Medical | November 14, 2018
Various chronic conditions are reported to respond favorably to medical marijuana (cannabinoids); among these conditions is pediatric epilepsy. DynaMed Plus Editor and Nemours Children’s Hospital Chief of Epilepsy Services, Laufey Yr Sigurdardottir, MD discusses the evidence behind this new treatment.
While some states have passed legislation to allow the use of medical marijuana (cannabinoids), the lack of evidence regarding efficacy for different indications, dosing, and side effect profile, along with it being federally illegal, have been deterrents for conventional physicians. Since marijuana is classified as a schedule 1 substance, its production, distribution, and possession (including the nonpsychoactive component cannabidiol) has been considered illegal under federal law. That is, until earlier this year.
In the spring of 2018, two randomized trials published in New England Journal of Medicine and Lancet established that cannabidiol was beneficial in patients with Dravet or Lennox-Gastaut syndromes. Children and adults with these severe, debilitating epilepsies experienced about 40% reduction in seizure frequency with cannabidiol, and some patients were entirely seizure-free. Cannabidiol also had other beneficial effects, such as improvements in behavior and cognition.
In June 2018, cannabidiol (Epidiolex) was approved by the FDA for the treatment of Dravet and Lennox-Gastaut syndromes in patients at least two years old in the United States. This was shortly followed by de-scheduling of cannabidiol by the Drug Enforcement Administration (DEA) to schedule V. And it is likely that it will be available by prescription in doses specific for seizure management by the end of 2018.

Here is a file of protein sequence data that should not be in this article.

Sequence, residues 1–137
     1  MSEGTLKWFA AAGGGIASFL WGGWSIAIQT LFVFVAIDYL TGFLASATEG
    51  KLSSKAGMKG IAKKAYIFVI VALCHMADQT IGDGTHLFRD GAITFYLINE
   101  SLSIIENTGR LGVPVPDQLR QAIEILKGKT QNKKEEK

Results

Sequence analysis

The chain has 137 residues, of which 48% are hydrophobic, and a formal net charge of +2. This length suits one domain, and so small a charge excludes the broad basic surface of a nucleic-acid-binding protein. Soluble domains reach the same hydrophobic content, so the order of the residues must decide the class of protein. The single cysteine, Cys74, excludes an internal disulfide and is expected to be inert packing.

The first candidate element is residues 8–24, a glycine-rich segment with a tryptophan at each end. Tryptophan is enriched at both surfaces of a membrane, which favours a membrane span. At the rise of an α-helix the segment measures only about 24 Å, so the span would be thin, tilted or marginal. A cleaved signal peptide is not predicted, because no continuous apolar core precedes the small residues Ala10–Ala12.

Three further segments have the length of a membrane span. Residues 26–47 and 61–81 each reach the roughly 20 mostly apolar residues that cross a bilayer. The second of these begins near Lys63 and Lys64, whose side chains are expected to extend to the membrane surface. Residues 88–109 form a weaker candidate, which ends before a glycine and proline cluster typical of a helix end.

In June 2018, cannabidiol (Epidiolex) was approved by the FDA for the treatment of Dravet and Lennox-Gastaut syndromes.
It has taken a village of dedicated researchers, courageous patients and their families to gather the necessary data to make this remarkable shift in the scheduling of a marijuana-related substance. There are likely more hurdles to come such as ensuring the participation of health insurance plans in the high cost of a novel and controversial drug. Further, studies looking at the efficacy of cannabidiol and other cannabinoids in autism, alternating hemiplegia of childhood, chronic pain, and migraine, are currently being conducted.
The grim reality of intractable epilepsy continues to change the lives of families around the world. Cannabidiol will hopefully become an important option in the treatment of epilepsy, while also having positive additional benefits on behavior, cognition, and autistic characteristics.
To take a deeper dive into the medical use of cannabinoids for various conditions, explore the latest clinical evidence compliments of DynaMed Plus® - the next-generation clinical information resource designed to decrease time to answer.
Your comment will be reviewed by a moderator for approval.